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Other entrées are also smartly accompanied with well-conceptualized vegetables, starches, salads, and so on -- Bocadoro is not content to just trot out a few nouvelle items and surround them with a lazy smattering of sautéed zucchini and a mound of mashed potatoes. A moistly roasted Florida black grouper, with crisp crust of chopped shrimp and vegetables, hooks up with a peppy, roasted, red-pepper sauce, wilted baby arugula, and warm new potato and pimiento-olive salad. Arugula leaves also provide a nice counterpoint to sweetly pan-seared snapper dressed in black olives, tomatoes, capers, and garlic; a trio of tomato-risotto cakes alongside the fish was amazingly good.
While Bocadoro's cuisine has been partially compromised for the sake of less-than-adventurous eaters, it still exudes bold taste and praiseworthy integrity. It's hard to find much fault in even the weakest entrée we sampled, lamb kebabs, other than to say the grilled cubes of meat were a little bland, the peppers and onions skewered between were routine, the couscous below, flecked with currants, a bit dry. Lamb tagine was much finer, chunks of the same meat softly and semisweetly stewed down with figs, almonds, and golden raisins, served atop juicier couscous with a perky sauce made from the lamb jus blended with lime juice and honey.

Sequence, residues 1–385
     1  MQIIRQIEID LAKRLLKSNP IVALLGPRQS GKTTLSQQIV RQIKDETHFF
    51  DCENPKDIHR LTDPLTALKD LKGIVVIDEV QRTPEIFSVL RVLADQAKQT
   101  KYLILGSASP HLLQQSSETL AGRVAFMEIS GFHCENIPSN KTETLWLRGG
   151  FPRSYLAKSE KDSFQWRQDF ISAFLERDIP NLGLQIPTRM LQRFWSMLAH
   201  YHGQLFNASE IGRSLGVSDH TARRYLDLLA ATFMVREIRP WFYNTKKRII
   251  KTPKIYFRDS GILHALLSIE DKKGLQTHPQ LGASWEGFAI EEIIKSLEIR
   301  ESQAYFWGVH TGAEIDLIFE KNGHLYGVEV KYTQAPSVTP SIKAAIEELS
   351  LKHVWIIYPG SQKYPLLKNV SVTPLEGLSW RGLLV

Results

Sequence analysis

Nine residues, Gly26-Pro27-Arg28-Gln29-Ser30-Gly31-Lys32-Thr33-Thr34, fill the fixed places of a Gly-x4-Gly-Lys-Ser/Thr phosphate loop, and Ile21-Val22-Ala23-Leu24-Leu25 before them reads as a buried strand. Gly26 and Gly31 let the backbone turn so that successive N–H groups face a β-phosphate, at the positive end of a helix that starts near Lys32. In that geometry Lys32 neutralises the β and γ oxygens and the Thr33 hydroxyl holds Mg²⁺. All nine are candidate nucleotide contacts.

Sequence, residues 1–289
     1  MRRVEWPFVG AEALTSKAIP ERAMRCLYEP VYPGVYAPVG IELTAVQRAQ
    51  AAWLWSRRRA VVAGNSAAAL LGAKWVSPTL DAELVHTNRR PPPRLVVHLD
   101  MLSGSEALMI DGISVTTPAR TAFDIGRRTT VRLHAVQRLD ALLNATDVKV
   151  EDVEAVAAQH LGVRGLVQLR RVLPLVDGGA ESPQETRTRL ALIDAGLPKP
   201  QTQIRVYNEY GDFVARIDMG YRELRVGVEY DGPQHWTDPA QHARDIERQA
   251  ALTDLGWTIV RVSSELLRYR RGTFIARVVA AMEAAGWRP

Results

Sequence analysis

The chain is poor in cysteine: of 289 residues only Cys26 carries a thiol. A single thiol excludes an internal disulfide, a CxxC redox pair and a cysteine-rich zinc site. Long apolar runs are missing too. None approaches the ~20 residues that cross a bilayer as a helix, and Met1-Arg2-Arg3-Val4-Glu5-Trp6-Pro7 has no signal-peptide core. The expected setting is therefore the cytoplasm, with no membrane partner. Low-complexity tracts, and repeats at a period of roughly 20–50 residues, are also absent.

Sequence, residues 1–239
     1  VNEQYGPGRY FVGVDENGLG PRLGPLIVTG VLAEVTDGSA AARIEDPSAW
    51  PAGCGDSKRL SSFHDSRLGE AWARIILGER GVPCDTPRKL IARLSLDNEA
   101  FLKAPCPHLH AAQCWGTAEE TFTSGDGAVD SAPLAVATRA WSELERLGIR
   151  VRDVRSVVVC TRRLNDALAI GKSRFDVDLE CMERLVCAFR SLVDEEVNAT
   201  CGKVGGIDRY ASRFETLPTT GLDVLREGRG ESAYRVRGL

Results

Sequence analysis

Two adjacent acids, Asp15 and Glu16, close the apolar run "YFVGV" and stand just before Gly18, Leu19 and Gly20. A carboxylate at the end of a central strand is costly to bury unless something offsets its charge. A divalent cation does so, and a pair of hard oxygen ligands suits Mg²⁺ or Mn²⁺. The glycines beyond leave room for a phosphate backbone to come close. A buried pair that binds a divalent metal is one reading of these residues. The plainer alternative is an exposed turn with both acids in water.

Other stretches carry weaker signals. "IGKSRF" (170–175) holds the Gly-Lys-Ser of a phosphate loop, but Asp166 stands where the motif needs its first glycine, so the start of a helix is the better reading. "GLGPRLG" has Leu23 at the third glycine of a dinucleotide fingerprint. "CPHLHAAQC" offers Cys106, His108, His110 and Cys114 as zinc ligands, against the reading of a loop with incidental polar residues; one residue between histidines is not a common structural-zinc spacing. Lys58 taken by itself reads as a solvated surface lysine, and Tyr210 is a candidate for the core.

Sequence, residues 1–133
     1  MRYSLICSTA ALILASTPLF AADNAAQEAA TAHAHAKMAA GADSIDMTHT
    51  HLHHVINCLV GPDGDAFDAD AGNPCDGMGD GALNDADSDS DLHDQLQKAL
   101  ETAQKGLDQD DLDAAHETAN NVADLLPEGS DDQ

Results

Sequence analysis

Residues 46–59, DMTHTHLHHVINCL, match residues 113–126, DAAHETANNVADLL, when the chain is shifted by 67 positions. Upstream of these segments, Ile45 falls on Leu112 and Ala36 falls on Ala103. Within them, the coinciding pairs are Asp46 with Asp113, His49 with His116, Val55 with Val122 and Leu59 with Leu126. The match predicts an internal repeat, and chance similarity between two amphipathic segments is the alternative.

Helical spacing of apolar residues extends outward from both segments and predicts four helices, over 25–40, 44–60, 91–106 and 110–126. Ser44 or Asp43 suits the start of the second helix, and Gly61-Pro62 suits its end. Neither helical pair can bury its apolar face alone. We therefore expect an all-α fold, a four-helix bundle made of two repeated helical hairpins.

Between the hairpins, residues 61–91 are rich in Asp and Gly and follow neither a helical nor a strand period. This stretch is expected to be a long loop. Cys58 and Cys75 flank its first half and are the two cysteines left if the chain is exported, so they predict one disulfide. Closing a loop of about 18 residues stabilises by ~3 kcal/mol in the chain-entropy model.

Other appealing meat items include "pork osso buco," the braised shank aromatic with orange and rosemary and surrounded by tiny ricotta-potato gnocchi, and a whopper of a Tuscan T-bone for two seasoned with sea salt and cracked black pepper, then sizzled at approximately 1,000 degrees -- the $55 tag isn't too bad when divided in half. Bocadoro's prices are quite reasonable for the portion size and quality of ingredients being used, and a meal here can be a downright bargain if ordered from a separate "Complete Dinner" menu that includes soup or salad, main course, and dessert for $19.95. There are plenty of drink specials as well, women imbibing for free and men for half price during weeknight happy hours.
You can drink down one of the desserts too, a gin and tonic layered in a martini glass with Granny Smith apple compote, diced bits of that fruit, and airy lemon foam. Another fetching finish comes by way of poached fruits (it used to include poached Holland tomatoes) in balsamic pepper syrup paired with peppadews (a sweet/spicy fruit) stuffed with olive oil ice cream. Daredevils should try this one soon -- I've got a feeling that when the next menu comes out, the peppadews won't be on it. In fact, this is my major concern about Bocadoro: that by continuing to scale down the food so it can appeal to the widest swath of potential patrons, it will begin to resemble a Mediterranean-based restaurant chain. I can swallow the loss of beef daube, but let's hope they don't turn Bocadoro into the Ricotta Cheesecake Factory.